Offshore Drilling: A Bet on Wildcat (G-Block) – A Grand or A Gaffe?

Karachi January 15, 2019: Pakistan Exploration & Production (E&Ps) companies along with international partners have ventured into offshore territory of underexplored but promising Indus G-Block for a deep-sea drilling endeavor. The operator of the block, ENI (an Italian company working in Pakistan’s upstream sector since 2000) has chartered Saipem 12000 rig/ship to drill the exploration well, located 230 kilometers southwest of Karachi in the water depth of more than 1,300 meters.

The endeavor is a Joint Venture (JV) formed by ENI, ExxonMobil (American company that has come back to Pakistan after nearly 3 decades), Oil and Gas Development Company (OGDC), and Pakistan Petroleum (PPL) to spud the Kekra-1 exploration well in Indus G block (rigs reached Karachi’s coastal lines and drilling may have already begun). The exploration cost is estimated at US$70-80mn, to be contributed equally by the JV partners. 

All eyes are fixated on the said exploration endeavor with companies and Govt. officials calling it a possible ‘Game Changer’ for Pakistan (the Country which meets up to 49% of its oil & gas need, in barrels of oil equivalent, through local production). Some calling the anticipated discovery to be even bigger than the Sui field (currently second biggest gas field after Mari with current production at around 400mcfd or ~10% of total gas production) as the block is estimated to be rich in gas reserves, as per channel checks.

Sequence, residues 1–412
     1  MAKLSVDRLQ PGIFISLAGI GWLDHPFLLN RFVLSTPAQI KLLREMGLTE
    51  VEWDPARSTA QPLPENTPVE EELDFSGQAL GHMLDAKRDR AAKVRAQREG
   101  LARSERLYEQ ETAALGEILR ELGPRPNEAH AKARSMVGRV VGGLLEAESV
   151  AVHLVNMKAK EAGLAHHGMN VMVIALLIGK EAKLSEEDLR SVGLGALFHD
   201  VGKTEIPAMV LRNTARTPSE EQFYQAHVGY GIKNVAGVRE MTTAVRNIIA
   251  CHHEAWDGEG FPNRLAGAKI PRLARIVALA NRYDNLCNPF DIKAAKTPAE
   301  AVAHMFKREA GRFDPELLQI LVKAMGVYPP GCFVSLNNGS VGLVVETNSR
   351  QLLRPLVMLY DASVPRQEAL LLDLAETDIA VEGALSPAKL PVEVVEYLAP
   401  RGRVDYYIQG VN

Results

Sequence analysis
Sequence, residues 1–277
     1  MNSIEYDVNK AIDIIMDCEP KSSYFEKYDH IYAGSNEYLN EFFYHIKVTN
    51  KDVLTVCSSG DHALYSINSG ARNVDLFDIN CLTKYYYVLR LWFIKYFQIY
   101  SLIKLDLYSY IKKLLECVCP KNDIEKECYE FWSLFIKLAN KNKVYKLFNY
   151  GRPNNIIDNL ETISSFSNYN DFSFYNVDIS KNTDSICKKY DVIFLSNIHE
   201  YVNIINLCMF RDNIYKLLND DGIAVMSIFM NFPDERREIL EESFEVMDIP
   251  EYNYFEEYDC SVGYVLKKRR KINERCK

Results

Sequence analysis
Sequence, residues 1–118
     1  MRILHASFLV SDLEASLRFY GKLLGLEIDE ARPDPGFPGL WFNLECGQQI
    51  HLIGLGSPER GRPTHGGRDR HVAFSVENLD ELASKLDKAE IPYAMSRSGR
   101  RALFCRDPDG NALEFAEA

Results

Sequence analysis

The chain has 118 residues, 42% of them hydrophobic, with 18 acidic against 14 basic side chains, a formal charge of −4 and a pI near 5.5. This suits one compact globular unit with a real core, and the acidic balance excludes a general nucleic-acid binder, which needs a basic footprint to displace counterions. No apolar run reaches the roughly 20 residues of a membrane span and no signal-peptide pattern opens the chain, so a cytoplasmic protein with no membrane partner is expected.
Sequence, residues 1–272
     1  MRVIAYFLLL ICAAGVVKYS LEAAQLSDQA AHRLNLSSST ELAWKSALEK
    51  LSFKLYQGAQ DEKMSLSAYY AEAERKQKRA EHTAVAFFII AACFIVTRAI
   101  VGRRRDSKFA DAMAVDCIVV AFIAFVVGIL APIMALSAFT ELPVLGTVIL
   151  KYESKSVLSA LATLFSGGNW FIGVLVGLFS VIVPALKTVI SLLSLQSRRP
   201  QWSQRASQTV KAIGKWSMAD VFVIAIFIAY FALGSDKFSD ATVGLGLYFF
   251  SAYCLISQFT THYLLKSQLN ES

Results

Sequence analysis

By or before April 2019, the companies will be in a position to assess the potential hydrocarbon flows from this offshore drilling along with their economic viability. Setting up the necessary infrastructure to make hydrocarbon flows commercially available can take 3-5 years as per channel checks.

Offshore success can be a real game changer for Pakistan E&Ps as offshore Indus Block G falls under ‘Ultradeep’ Zone-0 price mechanism. We estimate that at Arab Light Crude US$60/bbl, the gas from Indus-G will be priced at US$7.2/mmbtu with additional US$1/mmbtu as an incentive for first three discoveries in offshore area, as per Petroleum Policy 2012 (PP12). The said zone is competitively priced, offering premium of 80%, in comparison to the average applicable pricing on onshore blocks under older policies.

Further, the PP12 exempts E&P companies from paying any royalty for the first 4 years after commencement of commercial production from offshore field, which otherwise, would have been 12.5% of the value of petroleum produced.

With incentives (premium pricing & royalty exemption) that are being offered on offshore blocks (ultradeep) endeavors, E&Ps can fetch 50-60% of net margin vs. 35-40% on existing blocks, we estimate. 

However, if history is to tell us anything, there could be another dry hole in waiting as Pakistan has drilled 17 offshore wells to date and most failed to reach the target reservoirs. The last offshore well Shark-1, a JV of PPL and ENI was spud in 2010 at exploration cost of US$40-45mn and was found to be commercially unfeasible after three months of drilling. 

If drilling in Indus-G turns out to be unsuccessful, it could be another blow to Pakistan and its exploration companies that are in dire need of some major discoveries given fast depleting hydrocarbon reserves. 

In case of non-feasibility, we estimate per share impact of dry well cost on OGDC and PPL at Rs0.6 and 1.1, respectively, to be booked in 2HFY19, as per the accounting treatment. (Author Topline Research)

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